Proverbs 25:16, 27-28 If you find honey, eat just enough – too much of it, and you will vomit. … It is not good to eat too much honey, nor is it honourable to seek one’s own honour. Like a city whose walls are broken down is a man who lacks self-control.
It is often difficult to see the logical connection between the strings of thoughts in the book of Proverbs. We are told at the beginning of this chapter: “These are more proverbs of Solomon, copied by the men of Hezekiah king of Judah” (1). Even if Solomon just jotted down individual ‘stream-of-consciousness’ thoughts, it is a bit surprising that Hezekiah’s men didn’t try to sort them into a more logical order!
Or, rather, are we meant to recognise some close connection between the sins of gluttony and pride – between the intemperate consumption of honey and seeking honour for oneself?!
Of course, Scripture makes it clear that all our sins are closely connected because they all flow from a sinful heart. As the Apostle James says, “For whoever keeps the whole law and yet stumbles at just one point is guilty of breaking all of it” (James 2:10). Nevertheless, it is good for us to reflect on how insidious and harmful an ego-centric life can be, especially when we were designed to be THEO-centric!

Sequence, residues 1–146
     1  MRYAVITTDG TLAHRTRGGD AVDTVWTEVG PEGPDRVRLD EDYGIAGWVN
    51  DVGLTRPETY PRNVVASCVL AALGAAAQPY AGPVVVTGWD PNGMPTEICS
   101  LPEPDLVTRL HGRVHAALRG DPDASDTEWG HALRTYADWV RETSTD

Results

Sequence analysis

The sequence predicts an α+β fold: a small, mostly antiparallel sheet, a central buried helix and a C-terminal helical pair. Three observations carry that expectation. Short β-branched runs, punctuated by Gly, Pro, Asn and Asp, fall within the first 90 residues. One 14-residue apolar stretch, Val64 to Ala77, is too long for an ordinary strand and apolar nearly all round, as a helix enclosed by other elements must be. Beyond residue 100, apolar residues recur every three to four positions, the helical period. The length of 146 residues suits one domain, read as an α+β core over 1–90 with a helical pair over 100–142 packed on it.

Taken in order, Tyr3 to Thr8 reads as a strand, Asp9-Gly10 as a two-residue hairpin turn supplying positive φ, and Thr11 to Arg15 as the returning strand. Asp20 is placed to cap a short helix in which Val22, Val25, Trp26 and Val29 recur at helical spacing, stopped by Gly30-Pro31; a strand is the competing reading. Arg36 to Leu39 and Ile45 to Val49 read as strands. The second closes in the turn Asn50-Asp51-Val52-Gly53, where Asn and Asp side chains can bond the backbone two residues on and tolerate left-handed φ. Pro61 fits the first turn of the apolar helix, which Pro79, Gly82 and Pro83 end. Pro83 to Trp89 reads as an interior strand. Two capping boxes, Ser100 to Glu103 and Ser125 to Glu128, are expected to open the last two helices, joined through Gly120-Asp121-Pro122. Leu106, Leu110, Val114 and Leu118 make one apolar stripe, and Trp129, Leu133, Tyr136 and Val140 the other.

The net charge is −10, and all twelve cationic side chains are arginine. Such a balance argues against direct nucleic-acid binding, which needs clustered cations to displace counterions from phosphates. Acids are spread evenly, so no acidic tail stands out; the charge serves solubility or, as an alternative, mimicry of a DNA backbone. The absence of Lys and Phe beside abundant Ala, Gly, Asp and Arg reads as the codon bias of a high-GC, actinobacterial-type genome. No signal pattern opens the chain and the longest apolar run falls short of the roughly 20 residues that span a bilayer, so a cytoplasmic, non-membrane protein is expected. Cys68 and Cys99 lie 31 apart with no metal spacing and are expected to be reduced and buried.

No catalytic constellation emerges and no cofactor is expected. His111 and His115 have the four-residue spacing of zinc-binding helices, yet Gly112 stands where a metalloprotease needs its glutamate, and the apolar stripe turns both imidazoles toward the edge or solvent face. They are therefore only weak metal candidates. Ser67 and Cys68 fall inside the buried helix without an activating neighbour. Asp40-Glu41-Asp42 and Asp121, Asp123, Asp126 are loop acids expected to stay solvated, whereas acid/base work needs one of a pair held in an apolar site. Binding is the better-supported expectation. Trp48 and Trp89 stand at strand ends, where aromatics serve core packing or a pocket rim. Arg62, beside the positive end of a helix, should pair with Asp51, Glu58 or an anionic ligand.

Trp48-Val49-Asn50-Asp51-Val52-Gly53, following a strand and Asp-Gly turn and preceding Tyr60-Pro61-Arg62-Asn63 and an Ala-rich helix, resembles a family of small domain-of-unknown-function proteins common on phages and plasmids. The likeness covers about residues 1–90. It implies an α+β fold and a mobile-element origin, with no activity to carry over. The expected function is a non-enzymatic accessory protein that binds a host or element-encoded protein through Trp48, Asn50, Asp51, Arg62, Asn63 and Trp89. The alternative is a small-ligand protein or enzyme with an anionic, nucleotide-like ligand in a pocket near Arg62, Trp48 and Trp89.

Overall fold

Jesus himself made this point to the Jewish leaders who were so pedantic about ‘correct’ OUTward appearances that they didn’t even recognise the utter depravity of their hearts. “For from within, out of men’s hearts, come evil thoughts, sexual immorality, theft, murder, adultery, greed, malice, deceit, lewdness, envy, slander, arrogance and folly. All these evils come from inside and make a man ‘unclean’” (Mark 7:21-23).
Satan is very accomplished at tapping into the areas of our lives where we have the greatest difficulty with self-control, and exploiting our weakness to affect every other part of us to our spiritual detriment. He does this at two levels: in our individual lives and witness, and in our corporate witness in the Church as the Body of Christ. John Newton’s great hymn, ‘Glorious things of you are spoken, Zion, City of our God’, based on Psalm 87, is a good reminder that the Church is to be the City of God before a watching world, and if our lack of self-control in any areas of our lives causes us to become “like a city whose walls are broken down”, great damage is done to our Gospel witness – as Satan knows full well!
Let us take seriously the general discipline of ‘self-control’ as a vital part of the ‘fruit of the Spirit’ (even though it’s the last mentioned in Galatians 5:22-23!), and let us be prayerful for, and encouraging of, one another in this regard.